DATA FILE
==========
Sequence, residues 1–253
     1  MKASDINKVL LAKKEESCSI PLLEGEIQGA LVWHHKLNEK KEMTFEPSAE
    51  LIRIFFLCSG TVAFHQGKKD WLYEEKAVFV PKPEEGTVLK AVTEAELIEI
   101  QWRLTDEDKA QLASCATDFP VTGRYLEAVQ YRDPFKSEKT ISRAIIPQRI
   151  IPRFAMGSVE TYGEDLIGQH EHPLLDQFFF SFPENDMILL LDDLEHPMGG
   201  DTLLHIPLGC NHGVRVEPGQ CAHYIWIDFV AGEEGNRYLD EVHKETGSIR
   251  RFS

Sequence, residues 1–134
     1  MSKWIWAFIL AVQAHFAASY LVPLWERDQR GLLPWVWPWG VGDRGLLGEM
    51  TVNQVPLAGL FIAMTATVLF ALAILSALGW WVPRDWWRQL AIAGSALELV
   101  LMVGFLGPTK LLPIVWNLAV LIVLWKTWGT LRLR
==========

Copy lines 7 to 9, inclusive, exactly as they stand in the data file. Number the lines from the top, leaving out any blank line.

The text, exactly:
   251  RFS

Sequence, residues 1–134
     1  MSKWIWAFIL AVQAHFAASY LVPLWERDQR GLLPWVWPWG VGDRGLLGEM